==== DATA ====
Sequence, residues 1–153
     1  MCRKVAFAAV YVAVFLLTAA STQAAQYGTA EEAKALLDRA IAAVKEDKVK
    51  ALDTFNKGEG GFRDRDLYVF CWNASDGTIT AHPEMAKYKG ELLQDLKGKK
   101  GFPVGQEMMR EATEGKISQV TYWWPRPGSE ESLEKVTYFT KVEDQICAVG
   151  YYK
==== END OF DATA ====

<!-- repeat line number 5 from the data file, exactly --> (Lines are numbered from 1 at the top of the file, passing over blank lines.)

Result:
   151  YYK